The creation of Europe’s economic and monetary union is unique in the history of sovereign states. The eurozone constitutes a “society of states” of a completely new type, one that transcends the traditional Westphalian concept of sovereignty.
Like individuals in a society, eurozone countries are both independent and interdependent. They can affect each other both positively and negatively. Good governance requires that individual member states and the EU’s institutions fulfill their responsibilities. Above all, economic and monetary union means just that: two unions, monetary and economic.
Europe’s monetary union has worked remarkably well. Since the euro’s launch in 1999, price stability has been maintained for 17 countries and 332 million people, with average yearly inflation of just 2.03 percent — better than Germany’s record from 1955 to 1999. Moreover, the eurozone has created 14.5 million new jobs since 1999, compared to 8.5 million to 9 million in the US. This is not to say that Europe does not have a serious unemployment problem; but there is no obvious inferiority in Europe: all advanced economies must boost job creation.
Likewise, on a consolidated basis, the eurozone’s current account is balanced, its debt to GDP ratio is well below that of Japan and its annual public finance deficit is well below that of the US, Japan and the UK.
The euro per se thus does not explain why the eurozone has become the sick man of the global economy. To understand that, one has to consider the weakness of Europe’s economic union.
For starters, the Stability and Growth Pact (SGP), intended to ensure sound fiscal policies in the eurozone, was never correctly implemented. On the contrary, in 2003 and 2004, France, Italy and Germany sought to weaken it. The European Commission, the European Central Bank (ECB) and the small and medium-sized eurozone countries prevented the SGP from being dismantled, but its spirit was gravely compromised.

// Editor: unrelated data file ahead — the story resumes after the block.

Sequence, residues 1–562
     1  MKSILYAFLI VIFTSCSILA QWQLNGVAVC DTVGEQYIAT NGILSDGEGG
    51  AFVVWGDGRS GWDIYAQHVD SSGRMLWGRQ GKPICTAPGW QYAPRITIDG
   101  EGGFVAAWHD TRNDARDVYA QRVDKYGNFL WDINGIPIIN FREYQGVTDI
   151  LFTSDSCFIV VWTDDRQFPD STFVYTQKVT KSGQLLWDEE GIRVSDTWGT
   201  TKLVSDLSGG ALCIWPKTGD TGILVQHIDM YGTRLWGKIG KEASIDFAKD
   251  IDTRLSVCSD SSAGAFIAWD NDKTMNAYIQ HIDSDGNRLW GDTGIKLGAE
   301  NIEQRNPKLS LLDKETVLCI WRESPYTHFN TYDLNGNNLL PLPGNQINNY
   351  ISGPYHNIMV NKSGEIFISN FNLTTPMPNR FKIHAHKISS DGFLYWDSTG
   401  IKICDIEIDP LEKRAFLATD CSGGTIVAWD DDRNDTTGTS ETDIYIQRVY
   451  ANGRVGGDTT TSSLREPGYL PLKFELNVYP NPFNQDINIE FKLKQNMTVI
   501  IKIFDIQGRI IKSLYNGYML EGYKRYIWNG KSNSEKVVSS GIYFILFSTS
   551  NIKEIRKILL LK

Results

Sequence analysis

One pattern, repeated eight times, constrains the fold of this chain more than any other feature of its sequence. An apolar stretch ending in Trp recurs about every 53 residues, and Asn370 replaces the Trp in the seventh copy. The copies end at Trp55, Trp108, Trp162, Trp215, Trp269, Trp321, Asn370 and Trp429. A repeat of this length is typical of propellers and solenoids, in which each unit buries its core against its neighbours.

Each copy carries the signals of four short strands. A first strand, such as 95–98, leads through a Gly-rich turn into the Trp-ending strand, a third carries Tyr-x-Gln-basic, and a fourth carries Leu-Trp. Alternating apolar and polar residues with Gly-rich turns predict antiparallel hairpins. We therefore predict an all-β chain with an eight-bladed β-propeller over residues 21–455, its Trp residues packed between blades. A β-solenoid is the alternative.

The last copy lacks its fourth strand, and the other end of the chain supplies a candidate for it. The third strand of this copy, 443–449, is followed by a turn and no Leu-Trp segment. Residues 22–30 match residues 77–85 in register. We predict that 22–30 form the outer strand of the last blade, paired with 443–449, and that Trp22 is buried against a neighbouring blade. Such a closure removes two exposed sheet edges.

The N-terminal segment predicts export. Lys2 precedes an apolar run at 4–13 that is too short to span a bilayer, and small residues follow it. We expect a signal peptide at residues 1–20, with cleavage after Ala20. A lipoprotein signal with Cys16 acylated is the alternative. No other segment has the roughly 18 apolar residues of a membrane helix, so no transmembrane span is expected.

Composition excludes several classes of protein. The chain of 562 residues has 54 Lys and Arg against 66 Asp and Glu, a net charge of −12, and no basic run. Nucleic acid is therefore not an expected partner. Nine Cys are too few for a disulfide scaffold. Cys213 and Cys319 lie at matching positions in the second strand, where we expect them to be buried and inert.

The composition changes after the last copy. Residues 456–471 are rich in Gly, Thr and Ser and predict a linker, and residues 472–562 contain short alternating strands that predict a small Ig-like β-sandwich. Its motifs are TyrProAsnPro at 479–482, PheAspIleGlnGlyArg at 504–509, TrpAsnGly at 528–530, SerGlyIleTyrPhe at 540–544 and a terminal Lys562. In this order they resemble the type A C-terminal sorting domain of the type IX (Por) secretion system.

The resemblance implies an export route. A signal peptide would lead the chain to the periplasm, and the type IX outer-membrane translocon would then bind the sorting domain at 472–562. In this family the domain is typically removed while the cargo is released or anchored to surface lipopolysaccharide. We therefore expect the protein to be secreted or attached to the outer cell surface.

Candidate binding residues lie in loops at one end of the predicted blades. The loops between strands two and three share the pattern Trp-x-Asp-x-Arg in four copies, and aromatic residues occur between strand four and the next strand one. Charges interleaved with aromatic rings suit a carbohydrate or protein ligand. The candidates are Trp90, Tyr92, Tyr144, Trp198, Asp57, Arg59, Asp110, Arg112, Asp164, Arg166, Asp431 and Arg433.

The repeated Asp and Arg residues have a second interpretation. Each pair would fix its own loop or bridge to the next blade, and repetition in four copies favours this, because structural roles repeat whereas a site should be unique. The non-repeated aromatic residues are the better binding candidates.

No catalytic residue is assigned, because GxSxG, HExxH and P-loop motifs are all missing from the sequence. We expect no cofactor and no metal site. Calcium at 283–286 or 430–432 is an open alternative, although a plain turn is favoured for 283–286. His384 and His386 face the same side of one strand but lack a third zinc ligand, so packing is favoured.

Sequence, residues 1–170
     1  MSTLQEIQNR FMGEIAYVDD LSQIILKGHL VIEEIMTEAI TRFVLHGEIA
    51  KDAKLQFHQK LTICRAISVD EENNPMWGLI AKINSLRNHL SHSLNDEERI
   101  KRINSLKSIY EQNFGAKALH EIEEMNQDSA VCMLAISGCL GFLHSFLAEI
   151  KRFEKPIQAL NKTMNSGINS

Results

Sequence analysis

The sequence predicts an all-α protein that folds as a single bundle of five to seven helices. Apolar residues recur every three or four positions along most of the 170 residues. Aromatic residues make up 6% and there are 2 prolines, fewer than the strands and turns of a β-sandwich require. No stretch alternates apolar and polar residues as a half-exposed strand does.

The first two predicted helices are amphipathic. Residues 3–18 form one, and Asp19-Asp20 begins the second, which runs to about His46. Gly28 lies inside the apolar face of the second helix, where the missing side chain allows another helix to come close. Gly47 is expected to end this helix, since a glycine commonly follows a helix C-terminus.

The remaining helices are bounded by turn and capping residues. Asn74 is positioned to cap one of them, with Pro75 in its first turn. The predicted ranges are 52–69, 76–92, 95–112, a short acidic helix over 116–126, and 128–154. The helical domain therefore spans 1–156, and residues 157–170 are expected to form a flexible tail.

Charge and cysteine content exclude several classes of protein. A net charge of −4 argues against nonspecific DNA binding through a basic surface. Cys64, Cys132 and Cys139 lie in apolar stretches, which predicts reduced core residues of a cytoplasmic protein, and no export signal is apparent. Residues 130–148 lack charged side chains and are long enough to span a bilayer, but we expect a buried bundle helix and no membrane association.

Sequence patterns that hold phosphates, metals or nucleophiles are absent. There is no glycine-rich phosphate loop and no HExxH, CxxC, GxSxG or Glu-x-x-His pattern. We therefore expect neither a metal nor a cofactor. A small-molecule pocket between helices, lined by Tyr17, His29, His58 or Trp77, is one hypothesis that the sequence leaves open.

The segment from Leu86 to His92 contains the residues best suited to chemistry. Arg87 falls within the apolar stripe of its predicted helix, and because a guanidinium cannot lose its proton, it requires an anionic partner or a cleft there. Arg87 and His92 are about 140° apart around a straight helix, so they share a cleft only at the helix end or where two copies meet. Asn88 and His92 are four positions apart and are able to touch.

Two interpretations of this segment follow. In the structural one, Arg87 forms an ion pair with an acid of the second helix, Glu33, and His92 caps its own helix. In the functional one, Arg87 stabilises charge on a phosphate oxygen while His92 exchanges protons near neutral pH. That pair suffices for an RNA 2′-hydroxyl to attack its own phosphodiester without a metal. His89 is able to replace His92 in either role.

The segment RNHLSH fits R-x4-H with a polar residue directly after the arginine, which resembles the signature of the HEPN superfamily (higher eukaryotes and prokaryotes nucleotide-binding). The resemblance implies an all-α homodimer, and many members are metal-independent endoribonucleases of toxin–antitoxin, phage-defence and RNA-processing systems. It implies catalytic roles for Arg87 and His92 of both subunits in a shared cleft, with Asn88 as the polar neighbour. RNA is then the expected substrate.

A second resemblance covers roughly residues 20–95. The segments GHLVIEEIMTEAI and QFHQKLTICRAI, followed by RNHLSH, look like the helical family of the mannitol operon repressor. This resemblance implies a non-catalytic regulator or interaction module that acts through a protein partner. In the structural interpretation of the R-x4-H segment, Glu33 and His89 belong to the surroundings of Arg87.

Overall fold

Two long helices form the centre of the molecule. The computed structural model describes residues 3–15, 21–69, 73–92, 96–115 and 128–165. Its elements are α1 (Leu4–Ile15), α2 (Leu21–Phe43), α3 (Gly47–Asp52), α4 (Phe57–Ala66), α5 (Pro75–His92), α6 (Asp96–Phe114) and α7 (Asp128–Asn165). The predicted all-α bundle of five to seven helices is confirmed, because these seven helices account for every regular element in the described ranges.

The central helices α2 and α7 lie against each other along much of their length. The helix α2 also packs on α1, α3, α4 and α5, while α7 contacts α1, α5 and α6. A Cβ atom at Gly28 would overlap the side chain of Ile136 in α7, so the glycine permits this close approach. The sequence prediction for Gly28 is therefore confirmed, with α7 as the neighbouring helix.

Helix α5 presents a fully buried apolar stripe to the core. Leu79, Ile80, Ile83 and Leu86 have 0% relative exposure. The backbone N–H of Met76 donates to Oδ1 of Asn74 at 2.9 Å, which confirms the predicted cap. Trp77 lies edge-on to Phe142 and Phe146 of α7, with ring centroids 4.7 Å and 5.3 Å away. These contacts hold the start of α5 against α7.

Moreover, eurozone governance did not include monitoring and surveillance of competitiveness indicators — trends in nominal prices and costs in member states and countries’ external imbalances within the eurozone. [In 2005, long before the crisis, I called, on behalf of the ECB’s governing council, for appropriate surveillance of a number of national indicators, including unit labor costs.]
A third source of weakness is that no crisis management tools were envisaged at the euro’s launch. For much of the world at the time, “benign neglect” was the order of the day, particularly in the advanced economies.
Finally, the high correlation between the creditworthiness of a particular country’s commercial banks and that of its government creates an additional source of vulnerability, which is particularly damaging in the eurozone.
Fortunately, much progress has been made, including significant improvements to the SGP and the introduction of surveillance of competitiveness indicators and national imbalances. New crisis management tools have been put in place and there is a consensus that the EU’s stability and prosperity requires completion of the single market and obligatory structural reforms for all 27 members. A proposed banking union would help to separate the commercial banks’ creditworthiness from that of their government.